“The police department will keep every dollar,” he said. “Any savings we’re able to find in the department we’ll reinvest in other areas.”

Filner said he’ll prioritize public safety funding from every additional revenue source that flows to the city, such as the $27 million settlement the city received from San Diego Gas & Electric or any savings materializing from Prop. B’s pensionable pay freeze or the pension caps he’s promised for management-level employees.

“I oppose a newly expanded Tourism Marketing District (TMD) because it is a tax without a public vote, and puts downtown special interests in charge of $30 million of public funds on an annual basis," Filner said.

"However, should [the] method of levy be upheld in courts, I will allocate half the funds to public safety, which will result in an infusion of at least $15 million to police, fire and lifeguard services annually,” Filner wrote in an email. “I will ensure the proposal complies with any court ruling on Proposition 26,” the California ballot initiative declaring all fees and tax increases must receive a two-thirds legislative approval. *

The expansion of the TMD isn't facing a court challenge, but a spokesperson for Filner said a court challenge facing a different tax increase-- one that would pay for a $520 million convension center expansion-- would endanger the TMD funding as well.

A spokesman in Mayor Jerry Sanders’ office said Filner’s plan to use the tax revenue for public safety is legally impossible.

But the city’s trouble with increasing its sworn officer rolls isn’t driven entirely by the lack of available funds. The SDPD is also having a difficult time retaining officers who are leaving for other Southern California departments.

On average, eight officers are leaving the department each month.

Assuming the current baseline of four academies per year, with 25 officers per academy, the city is essentially breaking even with its current hiring plan. Even if the academy sizes were increased to 30 recruits, it would take until 2019 to reach the department's 1,969 budgeted positions.

“Here is what the ‘cut, cut, cut’ mantra has done to America’s finest police force,” Filner said, attributing the problem to the loss of four recruiting classes following the defeat of Proposition D (led by DeMaio), inadequate sergeant-to-officer ratios, and cuts to civilian staff, including 22 investigative aids, that led to increased administrative requirements for sworn officers.

DeMaio, meanwhile, proposes not only retention bonuses for officers, but also recruitment incentives to bring back officers who’ve left in recent years.

“Because we were first to deal with the pension problem, we’ll be in a position to hire while others are laying officers off,” he said. “Cities and counties declaring bankruptcy creates uncertainty, while we have certainty thanks to pension savings.”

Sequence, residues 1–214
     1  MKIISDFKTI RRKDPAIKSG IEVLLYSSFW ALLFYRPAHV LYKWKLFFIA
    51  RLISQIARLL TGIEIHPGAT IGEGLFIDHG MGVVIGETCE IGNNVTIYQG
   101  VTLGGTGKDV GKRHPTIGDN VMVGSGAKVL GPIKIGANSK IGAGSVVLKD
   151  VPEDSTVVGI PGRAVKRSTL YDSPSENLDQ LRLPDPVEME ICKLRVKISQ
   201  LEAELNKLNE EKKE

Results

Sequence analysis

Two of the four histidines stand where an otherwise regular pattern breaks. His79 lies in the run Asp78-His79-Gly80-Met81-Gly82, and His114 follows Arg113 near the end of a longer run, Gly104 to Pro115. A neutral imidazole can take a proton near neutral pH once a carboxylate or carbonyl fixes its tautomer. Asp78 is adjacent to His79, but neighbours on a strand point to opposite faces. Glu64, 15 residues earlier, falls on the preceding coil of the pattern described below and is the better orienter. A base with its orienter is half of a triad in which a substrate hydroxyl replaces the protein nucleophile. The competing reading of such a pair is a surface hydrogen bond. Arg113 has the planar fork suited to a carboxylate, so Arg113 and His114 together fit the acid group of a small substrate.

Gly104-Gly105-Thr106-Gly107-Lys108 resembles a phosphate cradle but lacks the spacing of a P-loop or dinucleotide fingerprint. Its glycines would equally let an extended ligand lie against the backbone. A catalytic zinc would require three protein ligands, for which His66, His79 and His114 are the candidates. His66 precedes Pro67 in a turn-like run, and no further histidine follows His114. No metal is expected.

Fulfilling the department’s five-year plan — adding 20 civilian positions and 32 sworn officers each year — would allow the department to restore officer time spent on so-called “proactive policing,” wherein officers are engaged in communities, rather than reacting to 9-1-1 calls. Officers currently spend 26 percent of their time on such activities, while the plan envisions that number rising to 40 percent.

DeMaio said spending more time on proactive policing is the best way to address this year’s increase in violent crime, rather than hoping it’s merely a statistical anomaly.

“I want to implement a number of forward-thinking issues to deal with gang violence, and conditions of schools for clean and safe schools,” he said. “I don’t believe kids learn in intimidating environments.”

Filner, after touting his record of introducing community walking patrols and citizen graffiti patrols, called himself an advocate of community policing.

In the 2010 mid-year budget review, the SDPD suffered some of its most drastic cuts. The department’s mounted and harbor units were eliminated, canine units were reduced, the availability of the Airborne Law Enforcement unit was cut by 40 percent, and 12 compliance officer, 22 investigative aide and 49 officer positions were cut.

Filner pointed to those 49 officers, “who served as community liaisons and coalition builders,” as evidence that the city is no longer focused on proactive policing.

“The city has moved from ‘community policing’ to ‘keep-your-fingers-crossed policing,’” he said. “As mayor, I will rededicate our resources to effective community policing.”

*A previous version of this story incorrectly stated that Rep. Filner intended to use half of the funding from a recently passed tax to fund the convention center expansion on public safety, rather than the similar tax that extends the Tourism Marketing District. We regret the error.